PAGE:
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Many thoughts went through Clarke Johnstone’s mind when news broke the Toyko Olympics would be postponed for a year.
All that training, all the mental energy, all that organising and for what — only to do it all again in a year?
It was deflating but also absolutely the right thing to do, Johnstone said.
"It was obviously disappointing when you are in the final stages of preparation," he said.
"But also it was the right decision because it would not have been possible to happen."
The 33-year-old was the highest placed of the New Zealand riders at the Rio Olympics. He finished sixth in the individual three-day event on board his No1 mount, Balmoral Sensation, and helped the country place fourth in the team event.
Missing out on a medal still burns but the 33-year-old, who grew up on a sheep and cattle farm near Outram, also gave a tremendous account of himself.
"The first time everything is new and you are going into the unknown whereas next time I just think I’ll feel a bit more comfortable.
"And with the knowledge that I placed in the top few last time, it gives you confidence that you can foot it with the best in the world.
"I learnt a lot from the last Games. And with the messy preparation everyone will have had, I think having and older more experienced horse is going to be an advantage.
"Certainly, the goal is to win gold and we are trying to do everything that we can to make that happen."
That older horse he is talking about, of course, is Balmoral Sensation.
He has also qualified back-up Aces High but "Ritchie" is his leading prospect.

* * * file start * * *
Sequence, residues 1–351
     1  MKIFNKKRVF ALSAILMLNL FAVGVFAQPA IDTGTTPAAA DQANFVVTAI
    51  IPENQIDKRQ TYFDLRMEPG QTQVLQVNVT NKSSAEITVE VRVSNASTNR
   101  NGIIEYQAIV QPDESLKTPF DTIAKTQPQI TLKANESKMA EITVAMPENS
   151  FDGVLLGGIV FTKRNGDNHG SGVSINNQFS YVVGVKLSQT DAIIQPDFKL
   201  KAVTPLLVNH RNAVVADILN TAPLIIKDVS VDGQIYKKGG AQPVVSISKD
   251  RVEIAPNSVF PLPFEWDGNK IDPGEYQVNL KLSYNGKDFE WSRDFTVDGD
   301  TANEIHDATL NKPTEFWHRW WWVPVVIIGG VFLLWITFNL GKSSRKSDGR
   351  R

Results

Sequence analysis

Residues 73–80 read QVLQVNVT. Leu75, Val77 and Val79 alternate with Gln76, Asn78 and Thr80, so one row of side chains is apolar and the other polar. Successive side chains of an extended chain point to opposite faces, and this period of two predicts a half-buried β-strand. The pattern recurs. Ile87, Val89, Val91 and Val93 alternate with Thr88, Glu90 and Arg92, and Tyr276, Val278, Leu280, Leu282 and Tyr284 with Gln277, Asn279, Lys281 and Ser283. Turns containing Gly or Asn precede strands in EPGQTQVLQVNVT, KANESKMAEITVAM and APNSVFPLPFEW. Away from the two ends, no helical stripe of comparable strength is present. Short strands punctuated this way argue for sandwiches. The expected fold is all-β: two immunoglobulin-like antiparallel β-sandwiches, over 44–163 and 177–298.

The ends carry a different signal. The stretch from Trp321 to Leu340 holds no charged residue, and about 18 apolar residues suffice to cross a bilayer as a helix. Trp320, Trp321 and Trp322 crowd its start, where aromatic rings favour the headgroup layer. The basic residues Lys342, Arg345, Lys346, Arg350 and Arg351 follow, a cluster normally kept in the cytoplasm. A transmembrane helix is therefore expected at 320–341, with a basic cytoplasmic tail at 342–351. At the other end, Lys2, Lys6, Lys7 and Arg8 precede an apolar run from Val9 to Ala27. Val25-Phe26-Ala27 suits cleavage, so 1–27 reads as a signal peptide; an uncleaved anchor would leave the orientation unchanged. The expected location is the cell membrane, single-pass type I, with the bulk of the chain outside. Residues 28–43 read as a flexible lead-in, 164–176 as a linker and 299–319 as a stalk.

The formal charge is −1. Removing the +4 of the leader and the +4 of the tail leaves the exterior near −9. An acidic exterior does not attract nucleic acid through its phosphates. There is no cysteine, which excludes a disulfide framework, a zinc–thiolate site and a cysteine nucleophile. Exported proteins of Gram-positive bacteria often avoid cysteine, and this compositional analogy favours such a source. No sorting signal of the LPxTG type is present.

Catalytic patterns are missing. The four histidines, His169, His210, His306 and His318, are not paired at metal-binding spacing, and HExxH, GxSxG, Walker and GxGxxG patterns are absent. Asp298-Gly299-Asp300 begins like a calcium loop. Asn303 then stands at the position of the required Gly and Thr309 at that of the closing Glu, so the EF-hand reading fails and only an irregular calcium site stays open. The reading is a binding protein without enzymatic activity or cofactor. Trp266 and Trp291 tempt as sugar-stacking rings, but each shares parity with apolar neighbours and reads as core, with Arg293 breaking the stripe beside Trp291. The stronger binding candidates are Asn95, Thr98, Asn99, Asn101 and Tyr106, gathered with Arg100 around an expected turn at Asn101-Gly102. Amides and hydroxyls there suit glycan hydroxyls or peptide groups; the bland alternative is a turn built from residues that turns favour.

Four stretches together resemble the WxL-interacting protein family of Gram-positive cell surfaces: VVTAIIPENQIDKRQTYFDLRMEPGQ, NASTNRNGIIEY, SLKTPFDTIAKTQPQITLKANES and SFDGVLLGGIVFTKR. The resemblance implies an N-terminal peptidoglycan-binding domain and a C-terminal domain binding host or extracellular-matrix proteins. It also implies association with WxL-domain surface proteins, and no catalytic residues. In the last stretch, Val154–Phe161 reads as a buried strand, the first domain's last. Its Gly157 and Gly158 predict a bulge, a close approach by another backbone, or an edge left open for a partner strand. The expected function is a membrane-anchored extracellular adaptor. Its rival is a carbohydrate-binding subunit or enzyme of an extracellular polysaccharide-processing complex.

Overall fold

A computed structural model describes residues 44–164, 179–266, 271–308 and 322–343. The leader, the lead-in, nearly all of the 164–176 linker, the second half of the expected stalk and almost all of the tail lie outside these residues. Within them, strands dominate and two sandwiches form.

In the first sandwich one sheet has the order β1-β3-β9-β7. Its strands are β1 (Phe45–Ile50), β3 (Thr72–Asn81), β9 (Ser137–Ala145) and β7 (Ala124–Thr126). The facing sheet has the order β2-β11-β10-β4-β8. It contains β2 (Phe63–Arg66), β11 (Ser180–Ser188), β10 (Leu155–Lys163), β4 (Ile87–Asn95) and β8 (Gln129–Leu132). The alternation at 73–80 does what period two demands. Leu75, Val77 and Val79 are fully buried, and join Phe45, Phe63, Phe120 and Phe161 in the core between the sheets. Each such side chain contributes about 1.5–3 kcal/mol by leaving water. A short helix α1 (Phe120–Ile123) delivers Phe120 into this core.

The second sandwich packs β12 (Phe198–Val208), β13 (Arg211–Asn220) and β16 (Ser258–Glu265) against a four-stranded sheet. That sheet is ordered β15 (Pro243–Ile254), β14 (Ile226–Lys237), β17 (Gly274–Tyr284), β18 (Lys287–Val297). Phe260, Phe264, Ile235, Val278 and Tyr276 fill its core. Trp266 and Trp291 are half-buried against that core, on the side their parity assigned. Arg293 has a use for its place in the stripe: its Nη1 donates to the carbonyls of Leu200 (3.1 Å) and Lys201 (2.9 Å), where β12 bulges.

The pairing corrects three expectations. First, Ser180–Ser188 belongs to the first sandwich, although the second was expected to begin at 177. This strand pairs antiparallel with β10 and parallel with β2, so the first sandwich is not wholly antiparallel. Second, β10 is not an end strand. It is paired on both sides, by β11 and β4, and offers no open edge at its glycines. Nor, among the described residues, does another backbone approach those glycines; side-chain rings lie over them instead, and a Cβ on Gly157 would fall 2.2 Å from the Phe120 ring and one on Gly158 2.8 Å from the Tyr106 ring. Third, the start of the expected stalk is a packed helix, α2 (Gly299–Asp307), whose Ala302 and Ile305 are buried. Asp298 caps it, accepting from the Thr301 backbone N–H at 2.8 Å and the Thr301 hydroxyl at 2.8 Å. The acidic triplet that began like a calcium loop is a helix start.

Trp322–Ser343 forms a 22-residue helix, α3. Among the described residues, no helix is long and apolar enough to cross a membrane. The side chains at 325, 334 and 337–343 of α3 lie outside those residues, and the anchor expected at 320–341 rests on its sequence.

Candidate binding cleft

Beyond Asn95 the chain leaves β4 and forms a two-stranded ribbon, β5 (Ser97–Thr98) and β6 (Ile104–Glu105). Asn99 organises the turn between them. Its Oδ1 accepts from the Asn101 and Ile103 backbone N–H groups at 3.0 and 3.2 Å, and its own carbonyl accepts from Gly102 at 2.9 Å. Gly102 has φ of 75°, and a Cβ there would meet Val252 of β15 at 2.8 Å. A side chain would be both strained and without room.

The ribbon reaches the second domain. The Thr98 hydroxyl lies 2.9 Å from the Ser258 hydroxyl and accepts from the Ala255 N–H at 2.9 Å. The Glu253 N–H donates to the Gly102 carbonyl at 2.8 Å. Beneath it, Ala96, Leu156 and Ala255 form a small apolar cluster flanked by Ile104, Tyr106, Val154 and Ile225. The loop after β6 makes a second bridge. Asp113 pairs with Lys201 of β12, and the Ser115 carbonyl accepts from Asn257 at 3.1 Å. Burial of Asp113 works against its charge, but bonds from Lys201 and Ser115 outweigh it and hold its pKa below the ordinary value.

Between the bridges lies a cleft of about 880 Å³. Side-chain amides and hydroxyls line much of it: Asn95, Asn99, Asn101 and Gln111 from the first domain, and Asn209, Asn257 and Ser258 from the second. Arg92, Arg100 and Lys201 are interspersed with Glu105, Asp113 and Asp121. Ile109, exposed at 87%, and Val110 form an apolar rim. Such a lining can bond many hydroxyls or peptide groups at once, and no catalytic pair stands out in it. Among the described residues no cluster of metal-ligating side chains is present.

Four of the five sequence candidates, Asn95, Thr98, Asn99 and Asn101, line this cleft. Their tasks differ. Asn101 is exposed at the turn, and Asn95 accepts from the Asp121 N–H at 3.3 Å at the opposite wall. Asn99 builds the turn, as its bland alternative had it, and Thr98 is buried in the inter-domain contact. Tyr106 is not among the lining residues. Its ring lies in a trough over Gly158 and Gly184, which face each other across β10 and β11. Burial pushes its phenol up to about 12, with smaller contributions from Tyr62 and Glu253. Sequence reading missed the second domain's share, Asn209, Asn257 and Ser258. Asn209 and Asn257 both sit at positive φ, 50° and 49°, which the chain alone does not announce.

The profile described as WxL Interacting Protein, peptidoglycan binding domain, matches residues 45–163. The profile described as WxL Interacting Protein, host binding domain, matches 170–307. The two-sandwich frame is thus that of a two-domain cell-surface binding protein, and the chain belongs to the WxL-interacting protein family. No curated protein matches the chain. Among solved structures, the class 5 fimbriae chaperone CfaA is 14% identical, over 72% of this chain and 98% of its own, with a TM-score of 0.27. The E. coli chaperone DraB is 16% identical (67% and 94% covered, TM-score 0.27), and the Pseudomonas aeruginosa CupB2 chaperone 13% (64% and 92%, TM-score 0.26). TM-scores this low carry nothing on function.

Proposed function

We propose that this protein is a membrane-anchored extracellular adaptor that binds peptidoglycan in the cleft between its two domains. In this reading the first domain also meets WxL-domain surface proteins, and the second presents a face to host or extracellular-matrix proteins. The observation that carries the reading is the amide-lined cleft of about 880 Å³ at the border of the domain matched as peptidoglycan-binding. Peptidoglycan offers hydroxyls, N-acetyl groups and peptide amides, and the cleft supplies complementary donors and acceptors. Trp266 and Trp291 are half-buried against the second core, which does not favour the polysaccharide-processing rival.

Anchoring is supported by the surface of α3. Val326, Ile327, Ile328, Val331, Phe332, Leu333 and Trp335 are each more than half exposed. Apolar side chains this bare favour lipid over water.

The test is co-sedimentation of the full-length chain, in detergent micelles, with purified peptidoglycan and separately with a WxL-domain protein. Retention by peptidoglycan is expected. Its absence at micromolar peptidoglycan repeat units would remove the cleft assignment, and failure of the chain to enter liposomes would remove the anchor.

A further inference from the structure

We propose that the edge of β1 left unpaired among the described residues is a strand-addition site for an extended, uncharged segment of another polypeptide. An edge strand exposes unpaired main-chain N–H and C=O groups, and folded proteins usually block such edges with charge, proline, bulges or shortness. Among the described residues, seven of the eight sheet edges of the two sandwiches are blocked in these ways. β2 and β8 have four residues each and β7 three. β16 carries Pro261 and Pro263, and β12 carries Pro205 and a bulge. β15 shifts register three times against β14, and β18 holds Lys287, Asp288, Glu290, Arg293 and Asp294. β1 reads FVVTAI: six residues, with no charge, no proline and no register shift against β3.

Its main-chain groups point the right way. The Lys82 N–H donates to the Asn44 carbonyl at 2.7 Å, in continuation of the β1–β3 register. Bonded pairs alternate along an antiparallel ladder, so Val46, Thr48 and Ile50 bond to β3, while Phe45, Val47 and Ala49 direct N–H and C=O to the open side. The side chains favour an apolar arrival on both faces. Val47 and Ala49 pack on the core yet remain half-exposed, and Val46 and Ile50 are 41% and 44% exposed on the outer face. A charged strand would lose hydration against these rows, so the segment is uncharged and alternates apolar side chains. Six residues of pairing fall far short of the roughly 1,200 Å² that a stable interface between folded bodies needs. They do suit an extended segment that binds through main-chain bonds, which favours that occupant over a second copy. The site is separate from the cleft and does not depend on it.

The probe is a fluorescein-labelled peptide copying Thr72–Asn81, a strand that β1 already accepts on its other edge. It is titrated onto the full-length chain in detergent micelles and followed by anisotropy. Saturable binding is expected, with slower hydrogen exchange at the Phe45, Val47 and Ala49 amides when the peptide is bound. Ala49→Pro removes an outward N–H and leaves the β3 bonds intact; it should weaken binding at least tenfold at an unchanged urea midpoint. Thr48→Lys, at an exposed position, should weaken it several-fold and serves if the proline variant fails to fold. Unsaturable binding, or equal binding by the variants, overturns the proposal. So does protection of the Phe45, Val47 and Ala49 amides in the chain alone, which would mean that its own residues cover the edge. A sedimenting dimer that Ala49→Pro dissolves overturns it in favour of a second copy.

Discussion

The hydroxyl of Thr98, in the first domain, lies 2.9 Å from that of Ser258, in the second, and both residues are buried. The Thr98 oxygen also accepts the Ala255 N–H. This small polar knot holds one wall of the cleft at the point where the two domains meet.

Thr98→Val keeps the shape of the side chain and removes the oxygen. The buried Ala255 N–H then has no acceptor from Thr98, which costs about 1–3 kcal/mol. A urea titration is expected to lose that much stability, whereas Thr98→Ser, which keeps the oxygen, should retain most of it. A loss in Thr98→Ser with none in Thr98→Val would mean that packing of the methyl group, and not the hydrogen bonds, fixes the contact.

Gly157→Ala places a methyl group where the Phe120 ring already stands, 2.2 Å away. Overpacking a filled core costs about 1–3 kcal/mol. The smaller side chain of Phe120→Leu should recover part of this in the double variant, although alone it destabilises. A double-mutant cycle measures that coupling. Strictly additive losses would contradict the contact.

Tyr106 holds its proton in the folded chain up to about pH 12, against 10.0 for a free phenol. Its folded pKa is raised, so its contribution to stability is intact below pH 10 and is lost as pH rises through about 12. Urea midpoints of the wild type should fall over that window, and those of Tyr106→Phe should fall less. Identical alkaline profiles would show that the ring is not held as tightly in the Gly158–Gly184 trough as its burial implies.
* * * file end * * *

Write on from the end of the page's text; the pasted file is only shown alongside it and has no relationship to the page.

"Balmoral Sensation is getting older. All horses from New Zealand turn a year older on August 1 technically.
"He turns 16, so he is getting towards the top end of the competitive age. Horses have competed at the Olympics older than that but it is getting up there.
"But he feels fit and well and I’m not concerned. One more year will be fine for him, especially since the year we’ve had has not been strenuous.
"I’m pretty comfortable he’ll be in good shape come this time next year."
Johnstone does not have to requalify but he does need to keep his qualification relevant.
He had hoped to compete on both horses in an event in New South Wales in December but that was now looking increasingly unlikely.
In a world grappling with Covid-19, it was hard to make any cast-iron plans, he said.
"I’ve just got to be ready and try not to let it stress me because things are going to keep evolving and changing all the time. You just have to be flexible I think."
Initially, Johnstone had planned to spend the final few months of his preparation in England and will look to do the same if possible as it was not ideal to go straight from a New Zealand winter to the heat of Toyko.
He is based in Cambridge but a good chunk of the New Zealand team is based in the United Kingdom.
Johnstone did the bulk of his preparation for Rio in New Zealand, so he knows it is possible.